When did you start singing? 

I’ve been singing for as long as I can remember, but I really began to take singing seriously in middle school when I started doing the school musicals and playing more open mic nights. 


When did you decide to fully pursue music as a career? 

I decided to fully pursue music as a career when I realized I didn’t want to go to college for musical theatre. For the longest time I had planned on going to school for musical theatre, but throughout the beginning of the college audition process, I realized my heart wasn’t in it. I started noticing how passionate I’d get about the songs I was writing and one day it just completely hit me that this is what I actually wanted to do. I think it was the beginning of junior year of high school and I never questioned my decision since.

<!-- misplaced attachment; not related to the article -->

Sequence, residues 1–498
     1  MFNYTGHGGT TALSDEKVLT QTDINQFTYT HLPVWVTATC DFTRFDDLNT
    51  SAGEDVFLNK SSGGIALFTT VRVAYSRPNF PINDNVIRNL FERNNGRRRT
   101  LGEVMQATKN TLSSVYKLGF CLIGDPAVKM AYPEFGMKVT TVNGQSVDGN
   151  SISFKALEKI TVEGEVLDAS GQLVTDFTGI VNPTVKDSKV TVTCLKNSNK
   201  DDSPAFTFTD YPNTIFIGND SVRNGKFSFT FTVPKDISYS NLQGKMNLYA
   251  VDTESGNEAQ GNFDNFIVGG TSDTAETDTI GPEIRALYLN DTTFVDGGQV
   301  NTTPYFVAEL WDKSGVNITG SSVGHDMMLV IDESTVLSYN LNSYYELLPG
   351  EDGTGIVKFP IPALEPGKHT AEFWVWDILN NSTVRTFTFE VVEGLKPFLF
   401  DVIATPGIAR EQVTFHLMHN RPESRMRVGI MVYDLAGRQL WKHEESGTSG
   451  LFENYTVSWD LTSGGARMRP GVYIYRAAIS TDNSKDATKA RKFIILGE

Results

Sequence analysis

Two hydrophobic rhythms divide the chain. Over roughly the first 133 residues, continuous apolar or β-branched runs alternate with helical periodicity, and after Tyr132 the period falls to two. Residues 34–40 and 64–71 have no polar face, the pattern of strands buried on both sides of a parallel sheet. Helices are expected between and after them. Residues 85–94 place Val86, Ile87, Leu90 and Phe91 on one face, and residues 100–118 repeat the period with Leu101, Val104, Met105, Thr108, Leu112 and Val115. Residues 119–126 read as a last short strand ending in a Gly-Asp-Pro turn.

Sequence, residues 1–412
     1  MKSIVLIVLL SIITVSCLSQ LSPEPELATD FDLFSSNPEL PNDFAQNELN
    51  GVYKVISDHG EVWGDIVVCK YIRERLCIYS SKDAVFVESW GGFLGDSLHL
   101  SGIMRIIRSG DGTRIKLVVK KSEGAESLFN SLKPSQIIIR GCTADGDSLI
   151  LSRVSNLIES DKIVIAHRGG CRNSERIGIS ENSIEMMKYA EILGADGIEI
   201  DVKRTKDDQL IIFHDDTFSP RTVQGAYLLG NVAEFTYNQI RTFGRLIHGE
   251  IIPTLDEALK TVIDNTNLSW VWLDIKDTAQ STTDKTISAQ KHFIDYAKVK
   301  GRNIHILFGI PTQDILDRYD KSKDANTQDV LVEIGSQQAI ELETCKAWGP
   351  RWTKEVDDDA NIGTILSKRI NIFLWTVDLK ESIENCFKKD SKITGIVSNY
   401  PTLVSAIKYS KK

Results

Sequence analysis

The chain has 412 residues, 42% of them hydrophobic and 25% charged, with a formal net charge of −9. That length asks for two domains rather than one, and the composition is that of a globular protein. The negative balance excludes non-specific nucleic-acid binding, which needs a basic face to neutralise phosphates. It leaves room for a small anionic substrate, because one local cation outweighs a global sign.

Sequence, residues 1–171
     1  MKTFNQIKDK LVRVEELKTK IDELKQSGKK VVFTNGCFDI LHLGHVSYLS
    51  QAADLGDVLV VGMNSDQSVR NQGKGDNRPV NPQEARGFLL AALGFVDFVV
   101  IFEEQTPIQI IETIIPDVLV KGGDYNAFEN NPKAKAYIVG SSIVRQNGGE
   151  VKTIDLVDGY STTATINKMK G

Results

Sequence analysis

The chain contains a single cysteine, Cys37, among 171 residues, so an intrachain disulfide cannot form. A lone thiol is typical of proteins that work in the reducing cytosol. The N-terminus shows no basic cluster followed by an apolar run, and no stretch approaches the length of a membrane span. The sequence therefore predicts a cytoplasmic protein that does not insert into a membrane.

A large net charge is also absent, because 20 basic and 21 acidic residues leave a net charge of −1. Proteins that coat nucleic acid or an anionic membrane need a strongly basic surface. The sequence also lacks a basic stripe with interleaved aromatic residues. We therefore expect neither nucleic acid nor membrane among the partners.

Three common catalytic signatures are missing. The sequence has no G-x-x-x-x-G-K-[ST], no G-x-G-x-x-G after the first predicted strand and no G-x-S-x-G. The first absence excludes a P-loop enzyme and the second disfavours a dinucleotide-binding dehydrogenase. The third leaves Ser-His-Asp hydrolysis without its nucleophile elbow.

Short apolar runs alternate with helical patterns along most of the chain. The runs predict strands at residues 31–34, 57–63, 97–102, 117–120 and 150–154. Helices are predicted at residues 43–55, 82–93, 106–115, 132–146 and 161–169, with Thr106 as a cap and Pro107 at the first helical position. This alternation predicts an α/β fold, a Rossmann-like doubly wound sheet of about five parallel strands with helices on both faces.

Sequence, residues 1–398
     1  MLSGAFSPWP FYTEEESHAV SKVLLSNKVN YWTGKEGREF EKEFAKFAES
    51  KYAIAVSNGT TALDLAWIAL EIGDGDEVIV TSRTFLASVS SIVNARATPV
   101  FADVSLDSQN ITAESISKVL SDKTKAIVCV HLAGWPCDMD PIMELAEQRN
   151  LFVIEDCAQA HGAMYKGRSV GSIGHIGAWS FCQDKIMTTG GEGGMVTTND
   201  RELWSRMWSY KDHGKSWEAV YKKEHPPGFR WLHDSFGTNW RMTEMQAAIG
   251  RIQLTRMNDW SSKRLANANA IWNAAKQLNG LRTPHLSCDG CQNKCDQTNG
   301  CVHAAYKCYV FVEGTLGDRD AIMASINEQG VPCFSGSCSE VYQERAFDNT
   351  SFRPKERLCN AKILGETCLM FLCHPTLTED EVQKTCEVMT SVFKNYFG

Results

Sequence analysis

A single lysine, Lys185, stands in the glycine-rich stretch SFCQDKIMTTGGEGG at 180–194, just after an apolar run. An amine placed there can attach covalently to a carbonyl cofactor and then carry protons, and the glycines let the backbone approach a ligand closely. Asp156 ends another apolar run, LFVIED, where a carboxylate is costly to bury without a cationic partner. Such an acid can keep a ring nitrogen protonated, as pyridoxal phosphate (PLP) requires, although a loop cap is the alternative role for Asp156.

What made you want to move to Nashville? 

When I decided to move to Nashville it was because I chose to go to college at Belmont. I didn’t really think of it so much as “moving to Nashville,” but more “going away for school.” Once I got here, I instantly fell in love with the city and all the people. I knew I was probably never going to move back home, and that’s when I really realized I actually “moved to Nashville.” 


You're studying at Belmont University in Nashville. What does your time there teach you as an artist?

Yes, I’m a songwriting major at Belmont! I’ve learned so much about all the different parts of the music industry, but the biggest thing I’ve learned is that, as an artist, I’m going to be my most successful with the help of friends and people I meet along the way. The biggest misconception a lot of people have is that they can “make it on their own.” My professors at Belmont knocked that idea out of our heads the first day of Freshman year. It’s so important to make real and meaningful connections with the people we’re surrounded by, because none of us can actually make it on our own. We need to help each other get there.